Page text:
Levels of T’shuvah

A teaching from Reb Zalman, z’l, as Yom Kippur comes this Tuesday night. It is taken from a wonderful pamphlet called Yom Kippur Kattan and the Cycles of T’shuvah (pp. 22-23) which can be found and purchased through the ALEPH Canada Web Site clicking here. The pamphlet is based on a lecture Reb Zalman gave recorded April 1999 and edited by Rabbi Daniel Siegel.
Blessings to all for a meaningful fast and g’mar chatima tova!


Imagine I’m going shopping in a mall. In the middle of the shopping, I get this feeling I have to do t’shuvah. The likelihood is it’s not going to be a lot of deep stuff that’s going to happen but it’s going to be like an action directive: “Zalman, that you don’t do.”

That’s like doing t’shuvah on the level of nefesh.

Let’s say I go somewhere on Thursday night and I still am embarrassed about that stupid remark I made to that person that hurt that person. I apologized for it, but really I’ll be making the same stupid mistake again if I don’t really check it out: was I trying to be clever? Was s/he the person I was talking to or was I talking to an imaginary other in my mind at that time when I said that?

This is the kind of level of t’shuvah that you would do on Thursday night

On erev Rosh Chodesh I want to see: Am I on track? Is this how I want to live my life? It isn’t likely that I’m going to be going into this every evening, or every night, or every week, but I’m checking out: once again I’m not taking enough rest time, once again I’m not walking enough. I mean I’m talking about my avayros, and each person has these things. Once again, I’ve been caught by my habit, by the workaholic, instead of going along with my “meditator,” or with my “servant of God,” and, I’ve gotten drawn in again.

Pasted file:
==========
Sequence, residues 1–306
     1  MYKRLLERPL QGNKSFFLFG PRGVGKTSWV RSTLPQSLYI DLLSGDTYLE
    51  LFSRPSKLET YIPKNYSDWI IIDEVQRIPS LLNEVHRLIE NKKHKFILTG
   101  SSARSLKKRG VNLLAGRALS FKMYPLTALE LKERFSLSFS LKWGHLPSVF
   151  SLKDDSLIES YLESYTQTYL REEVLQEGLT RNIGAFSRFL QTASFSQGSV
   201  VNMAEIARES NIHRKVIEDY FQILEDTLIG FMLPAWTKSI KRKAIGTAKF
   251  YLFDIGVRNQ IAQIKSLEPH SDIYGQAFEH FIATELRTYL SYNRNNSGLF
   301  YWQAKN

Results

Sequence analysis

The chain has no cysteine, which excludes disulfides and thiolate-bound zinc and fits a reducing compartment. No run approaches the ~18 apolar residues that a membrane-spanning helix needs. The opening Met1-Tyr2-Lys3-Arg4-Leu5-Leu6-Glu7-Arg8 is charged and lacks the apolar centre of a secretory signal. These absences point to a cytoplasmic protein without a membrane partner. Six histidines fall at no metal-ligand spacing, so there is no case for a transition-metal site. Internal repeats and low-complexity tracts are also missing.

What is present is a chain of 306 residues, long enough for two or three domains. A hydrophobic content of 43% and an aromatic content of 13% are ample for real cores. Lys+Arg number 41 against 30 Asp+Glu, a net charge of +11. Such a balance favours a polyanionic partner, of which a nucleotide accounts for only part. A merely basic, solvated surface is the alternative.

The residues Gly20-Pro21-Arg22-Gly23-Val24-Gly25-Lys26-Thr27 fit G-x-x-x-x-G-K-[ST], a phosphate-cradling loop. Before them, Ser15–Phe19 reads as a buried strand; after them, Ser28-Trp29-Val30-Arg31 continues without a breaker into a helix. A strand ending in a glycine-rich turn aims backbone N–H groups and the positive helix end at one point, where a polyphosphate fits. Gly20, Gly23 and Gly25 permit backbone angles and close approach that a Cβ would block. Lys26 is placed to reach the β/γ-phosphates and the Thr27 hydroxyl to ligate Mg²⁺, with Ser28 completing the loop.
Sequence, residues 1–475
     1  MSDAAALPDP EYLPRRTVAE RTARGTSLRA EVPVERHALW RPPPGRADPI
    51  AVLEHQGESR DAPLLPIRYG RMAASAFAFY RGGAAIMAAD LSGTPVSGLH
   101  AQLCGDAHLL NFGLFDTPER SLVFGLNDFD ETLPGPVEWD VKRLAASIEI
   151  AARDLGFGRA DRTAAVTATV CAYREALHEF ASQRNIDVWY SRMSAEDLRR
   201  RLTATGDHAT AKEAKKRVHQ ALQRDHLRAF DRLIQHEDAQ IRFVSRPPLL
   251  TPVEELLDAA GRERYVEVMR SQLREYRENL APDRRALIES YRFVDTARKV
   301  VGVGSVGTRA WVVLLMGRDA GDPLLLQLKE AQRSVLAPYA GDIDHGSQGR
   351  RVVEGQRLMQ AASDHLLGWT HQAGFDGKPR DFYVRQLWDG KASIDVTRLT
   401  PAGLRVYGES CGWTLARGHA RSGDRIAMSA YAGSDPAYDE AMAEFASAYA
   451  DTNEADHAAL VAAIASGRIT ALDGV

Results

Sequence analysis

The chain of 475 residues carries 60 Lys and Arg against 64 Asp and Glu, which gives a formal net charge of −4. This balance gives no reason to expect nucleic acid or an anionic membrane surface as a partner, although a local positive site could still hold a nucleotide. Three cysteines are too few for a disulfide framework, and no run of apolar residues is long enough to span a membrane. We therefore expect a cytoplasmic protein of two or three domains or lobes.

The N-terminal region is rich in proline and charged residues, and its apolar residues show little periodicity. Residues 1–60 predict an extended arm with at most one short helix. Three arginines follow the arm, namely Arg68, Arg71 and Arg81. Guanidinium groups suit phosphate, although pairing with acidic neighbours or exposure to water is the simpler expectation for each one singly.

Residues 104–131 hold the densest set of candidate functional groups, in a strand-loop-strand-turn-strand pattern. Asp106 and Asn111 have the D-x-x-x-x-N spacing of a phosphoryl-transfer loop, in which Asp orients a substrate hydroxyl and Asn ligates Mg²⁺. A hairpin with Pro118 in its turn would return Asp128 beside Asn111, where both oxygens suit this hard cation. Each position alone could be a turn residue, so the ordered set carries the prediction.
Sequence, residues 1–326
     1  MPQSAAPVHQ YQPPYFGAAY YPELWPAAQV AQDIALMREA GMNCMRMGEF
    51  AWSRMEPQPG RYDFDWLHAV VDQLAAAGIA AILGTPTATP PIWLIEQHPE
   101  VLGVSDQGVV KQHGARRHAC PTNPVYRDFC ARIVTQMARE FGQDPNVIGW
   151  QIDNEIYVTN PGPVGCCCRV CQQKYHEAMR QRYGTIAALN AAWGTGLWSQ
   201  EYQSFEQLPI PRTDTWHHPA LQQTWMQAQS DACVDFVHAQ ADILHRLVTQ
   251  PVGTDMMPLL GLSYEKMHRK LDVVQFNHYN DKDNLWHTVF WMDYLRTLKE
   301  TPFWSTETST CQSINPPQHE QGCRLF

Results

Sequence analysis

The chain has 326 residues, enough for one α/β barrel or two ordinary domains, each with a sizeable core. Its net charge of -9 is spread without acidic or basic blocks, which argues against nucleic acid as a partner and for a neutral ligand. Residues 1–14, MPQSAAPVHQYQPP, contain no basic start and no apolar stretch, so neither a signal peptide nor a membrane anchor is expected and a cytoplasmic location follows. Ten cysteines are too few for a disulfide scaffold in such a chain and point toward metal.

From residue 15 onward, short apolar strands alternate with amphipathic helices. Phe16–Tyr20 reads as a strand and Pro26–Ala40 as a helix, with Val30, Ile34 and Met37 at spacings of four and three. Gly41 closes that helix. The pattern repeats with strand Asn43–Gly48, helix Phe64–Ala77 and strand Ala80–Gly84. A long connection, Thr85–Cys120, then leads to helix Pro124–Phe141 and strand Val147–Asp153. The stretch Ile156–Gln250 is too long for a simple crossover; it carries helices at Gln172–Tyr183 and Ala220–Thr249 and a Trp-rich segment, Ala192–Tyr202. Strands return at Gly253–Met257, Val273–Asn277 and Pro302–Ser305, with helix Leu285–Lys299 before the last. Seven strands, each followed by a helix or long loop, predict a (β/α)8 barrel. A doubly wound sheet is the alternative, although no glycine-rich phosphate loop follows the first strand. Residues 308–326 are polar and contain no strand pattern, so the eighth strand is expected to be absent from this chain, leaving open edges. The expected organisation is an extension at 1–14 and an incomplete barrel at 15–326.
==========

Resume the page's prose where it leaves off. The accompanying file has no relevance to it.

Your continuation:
I think that’s more a “once a month” thing to do.

I think for the question of where we are Yom Kippur, a lot depends on having lived the liturgical calendar, that’s what I want to say about the whole business. It was pointed out that most Jewish theologians aren’t Rabbis; they are people who don’t have synagogues, and the realization came to me regarding this is that it was because a Rabbi has to make up a new theology every week: For, tahzria-metzorah a Rabbi may do one theology and for ahchahray mot-kedosheem a different one, as if each week you have to find what the particular time is speaking to you. The theologian, on the other hand, is located in a kind of abstract time-space where s/he thinks about it forever and all times, living in a different way with time’s curves.

I have the feeling that as we now count s’firah [between Pesach and Shavuot] that’s another one of those examples of how the texture of time commands a different kind of consciousness and how you want to be. The target we have during this time is: “Will we be cleaned out from the top to the bottom by the time we come to Sinai? Are we going to be ready? And what will our questions be this year?” Heschel put it so beautifully: “The Torah is an answer, but we lost the questions.” So if you don’t have a good question when you come to Shavuos, then the likelihood is that you aren’t going to receive much Torah. A good way of preparing for that would be to keep a journal, if you will, for the s’firah time.

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